The New Paltz Town Board got some encouraging news at its July 9 special meeting from Joe Hurwitz, the architect retained by the town to do a preliminary assessment of how many municipal government functions – including possibly the Village Hall — could be accommodated within the footprint of the old Town Hall on Veterans’ Drive if the mold-ridden structure were to meet the wrecking ball. “Will this site work? From my point of view, it works perfectly,” said Hurwitz, displaying a preliminary conceptual sketch of two possible phases of redevelopment.
The first phase, contained entirely within the parcel already owned by the town and preserving the existing Community Center, envisions the new Town Hall as encompassing 25,000 square feet within three stories, with the top floor half the size of the lower two. “Twenty-five thousand square feet is all we need even if we consolidate both municipalities,” asserted Josh Honig, a member of the Building Committee that has been tasked with finding the town government a more permanent home than its current modular facility on Clearwater Road.
“We mean consolidating space, not governments,” town supervisor Susan Zimet hastened to add. The Thursday discussion followed a Wednesday Village Board meeting in which village officials expressed guarded interest in pursuing a potential joint solution to both municipalities’ issues of space constraints, which at this point in time are far more pressing for the town. While the modular Town Hall has proven beneficial in that “Nobody’s sick anymore, and productivity is up phenomenally,” Zimet said that the site is inconvenient for residents in that it is too far from the center of town, and that its utility costs will be not sustainable in the long run. “The building’s totally electric…Last winter we got heating bills that we were not prepared for.”
Zimet is also advocating strongly that the town Justice Court and Police Department be reunited on one site for the safety of court employees — ideally at the new Town Hall. “The limiting factor is parking,” said Hurwitz, suggesting that the same space could be designed to accommodate both Town Hall meetings and the court with careful scheduling. “You need 100 [parking] spaces for when you have the court,” said Building Committee chair Dave Lent. The architect said that the existing site could be made to work if 30 of the Police Department’s required 50 parking spaces were moved to a satellite location, noting that only 20 police vehicles need to be able to make a “quick exit from the site” at any given time.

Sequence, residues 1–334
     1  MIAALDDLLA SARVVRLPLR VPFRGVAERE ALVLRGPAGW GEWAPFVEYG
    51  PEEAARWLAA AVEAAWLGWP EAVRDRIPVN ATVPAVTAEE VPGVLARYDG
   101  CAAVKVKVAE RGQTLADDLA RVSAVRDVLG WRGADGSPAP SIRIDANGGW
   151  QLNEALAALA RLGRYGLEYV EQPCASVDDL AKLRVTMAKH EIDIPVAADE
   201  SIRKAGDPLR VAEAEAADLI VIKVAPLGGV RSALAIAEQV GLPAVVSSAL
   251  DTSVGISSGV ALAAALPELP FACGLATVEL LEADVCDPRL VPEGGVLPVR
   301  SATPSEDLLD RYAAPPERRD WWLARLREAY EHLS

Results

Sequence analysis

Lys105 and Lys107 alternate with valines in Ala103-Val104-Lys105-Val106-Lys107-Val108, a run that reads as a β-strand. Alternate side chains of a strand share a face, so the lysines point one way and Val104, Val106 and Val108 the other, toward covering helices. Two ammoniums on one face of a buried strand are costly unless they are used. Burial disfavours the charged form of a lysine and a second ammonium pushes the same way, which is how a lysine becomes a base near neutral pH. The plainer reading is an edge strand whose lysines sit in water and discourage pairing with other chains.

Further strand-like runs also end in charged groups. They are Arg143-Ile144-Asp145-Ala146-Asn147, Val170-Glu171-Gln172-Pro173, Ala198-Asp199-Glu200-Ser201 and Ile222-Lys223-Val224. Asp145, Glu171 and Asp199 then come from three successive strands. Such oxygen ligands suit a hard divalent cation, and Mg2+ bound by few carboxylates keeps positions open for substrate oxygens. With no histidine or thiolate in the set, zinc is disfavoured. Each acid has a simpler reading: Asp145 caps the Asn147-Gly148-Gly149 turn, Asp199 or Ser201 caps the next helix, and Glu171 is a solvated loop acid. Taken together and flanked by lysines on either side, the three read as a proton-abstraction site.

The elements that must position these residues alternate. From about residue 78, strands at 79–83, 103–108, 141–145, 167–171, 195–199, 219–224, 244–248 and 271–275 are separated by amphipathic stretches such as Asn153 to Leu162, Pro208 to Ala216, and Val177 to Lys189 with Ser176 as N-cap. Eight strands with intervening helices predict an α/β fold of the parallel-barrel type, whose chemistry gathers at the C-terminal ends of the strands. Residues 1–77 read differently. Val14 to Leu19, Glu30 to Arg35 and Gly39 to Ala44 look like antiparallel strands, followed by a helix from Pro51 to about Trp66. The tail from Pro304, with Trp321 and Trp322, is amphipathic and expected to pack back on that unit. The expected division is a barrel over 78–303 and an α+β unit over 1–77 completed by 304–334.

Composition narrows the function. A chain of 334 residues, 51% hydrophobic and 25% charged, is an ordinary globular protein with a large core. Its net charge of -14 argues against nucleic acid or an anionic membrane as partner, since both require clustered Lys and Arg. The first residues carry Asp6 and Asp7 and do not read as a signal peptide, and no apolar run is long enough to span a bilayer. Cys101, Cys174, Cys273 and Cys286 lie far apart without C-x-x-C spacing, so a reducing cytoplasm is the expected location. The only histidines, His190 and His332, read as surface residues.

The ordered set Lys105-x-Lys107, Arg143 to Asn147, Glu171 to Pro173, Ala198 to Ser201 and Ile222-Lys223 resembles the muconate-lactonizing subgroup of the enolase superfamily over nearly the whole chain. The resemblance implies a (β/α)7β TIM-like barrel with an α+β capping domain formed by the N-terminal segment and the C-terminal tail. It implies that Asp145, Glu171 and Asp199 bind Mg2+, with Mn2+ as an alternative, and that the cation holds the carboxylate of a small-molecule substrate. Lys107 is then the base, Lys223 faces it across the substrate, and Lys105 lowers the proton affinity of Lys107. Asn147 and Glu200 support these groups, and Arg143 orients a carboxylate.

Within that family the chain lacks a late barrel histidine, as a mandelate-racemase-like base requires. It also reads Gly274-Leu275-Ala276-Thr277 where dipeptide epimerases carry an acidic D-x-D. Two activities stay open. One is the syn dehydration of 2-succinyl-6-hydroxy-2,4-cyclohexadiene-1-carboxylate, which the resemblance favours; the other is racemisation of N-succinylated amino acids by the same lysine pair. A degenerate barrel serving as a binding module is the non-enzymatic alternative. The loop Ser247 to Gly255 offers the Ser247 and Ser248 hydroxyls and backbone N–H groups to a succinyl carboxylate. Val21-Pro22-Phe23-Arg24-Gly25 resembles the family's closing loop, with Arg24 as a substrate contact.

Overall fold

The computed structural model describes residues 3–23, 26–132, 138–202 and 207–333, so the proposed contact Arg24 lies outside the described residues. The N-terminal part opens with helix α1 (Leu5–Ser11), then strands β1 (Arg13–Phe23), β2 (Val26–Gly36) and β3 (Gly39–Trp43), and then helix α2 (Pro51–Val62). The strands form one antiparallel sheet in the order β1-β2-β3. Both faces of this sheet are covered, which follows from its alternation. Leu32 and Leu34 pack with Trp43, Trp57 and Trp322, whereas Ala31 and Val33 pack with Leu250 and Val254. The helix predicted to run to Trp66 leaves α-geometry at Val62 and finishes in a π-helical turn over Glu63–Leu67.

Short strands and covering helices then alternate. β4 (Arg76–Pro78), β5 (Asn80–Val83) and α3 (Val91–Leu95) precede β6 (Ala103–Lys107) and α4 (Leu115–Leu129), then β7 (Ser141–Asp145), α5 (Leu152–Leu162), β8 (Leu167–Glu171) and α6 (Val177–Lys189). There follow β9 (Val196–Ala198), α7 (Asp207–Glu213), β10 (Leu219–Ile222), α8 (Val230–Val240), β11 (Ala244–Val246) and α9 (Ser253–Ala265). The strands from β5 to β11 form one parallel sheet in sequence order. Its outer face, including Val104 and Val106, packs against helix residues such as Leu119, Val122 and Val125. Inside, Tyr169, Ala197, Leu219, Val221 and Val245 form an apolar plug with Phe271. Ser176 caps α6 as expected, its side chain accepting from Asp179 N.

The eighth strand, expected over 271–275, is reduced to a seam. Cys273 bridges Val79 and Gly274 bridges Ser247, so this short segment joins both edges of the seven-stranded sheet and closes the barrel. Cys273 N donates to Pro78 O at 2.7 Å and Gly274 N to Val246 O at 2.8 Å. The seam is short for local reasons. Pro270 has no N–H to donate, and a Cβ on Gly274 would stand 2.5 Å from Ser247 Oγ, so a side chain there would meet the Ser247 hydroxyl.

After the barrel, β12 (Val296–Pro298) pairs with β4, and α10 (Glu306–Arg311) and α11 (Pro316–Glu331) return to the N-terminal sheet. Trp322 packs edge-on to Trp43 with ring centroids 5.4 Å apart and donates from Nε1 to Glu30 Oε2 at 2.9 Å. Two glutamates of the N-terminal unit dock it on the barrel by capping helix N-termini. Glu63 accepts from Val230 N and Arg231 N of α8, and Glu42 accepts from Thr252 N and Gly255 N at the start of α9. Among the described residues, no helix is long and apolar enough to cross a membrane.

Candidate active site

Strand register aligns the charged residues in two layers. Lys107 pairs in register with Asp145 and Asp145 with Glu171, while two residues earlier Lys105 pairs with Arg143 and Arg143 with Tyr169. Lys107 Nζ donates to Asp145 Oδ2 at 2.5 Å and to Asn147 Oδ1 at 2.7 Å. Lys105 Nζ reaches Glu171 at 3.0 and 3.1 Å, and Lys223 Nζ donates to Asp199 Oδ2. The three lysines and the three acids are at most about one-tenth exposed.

The expanded phase of reconstruction shown on Hurwitz’s site study sketch would add another 90 parking spaces if some adjoining property immediately to the south could be annexed from Moriello Park, with parking extending along the footpath to the park as far as the existing bridge. But because the parkland was initially acquired with federal and state grant funding whose terms restrict it to recreational use only, the town and village, co-owners of the park, would have to request an order of “alienation” from the New York State Legislature. “The Legislature probably couldn’t take it up until 2016,” said Lent, urging the town not to wait for a decision from the village to move forward on seeking help from the state.
Honig praised the architect’s track record of green design for municipal buildings, calling the new geothermally heated and cooled Esopus Town Hall “so well-planned” in terms of flow, with meeting rooms that can be reconfigured for different-sized gatherings. Hurwitz pointed out that the old Town Hall site has a “perfect southern exposure. I could make the whole roof a big solar collector.”
Responding to a question about potential future growth in demand for municipal services, he added that a new Town Hall could even be expandable: “I could design it with a knockout panel at one end of the building with no parking. If that time comes, it could accommodate that need.” Building Committee members, some of whom have spent decades on this quest, have repeatedly asserted that they want the next New Paltz Town Hall to be built to last 50 to 100 years. And Zimet, who is not running for reelection, wants to see significant progress on the project made before she leaves office. “My time is clicking down to December 31,” she said. “I’d like to see something get done.”
“I’m excited by this idea and want to move forward,” agreed councilman Dan Torres. “I’m hoping that the village decides to work with us.” The village and town boards will both send representatives to the next Building Committee meeting, and the Village Board has agreed to discuss its own potential involvement in the project — or a similar one on the Village Hall property — at its next meeting on July 22.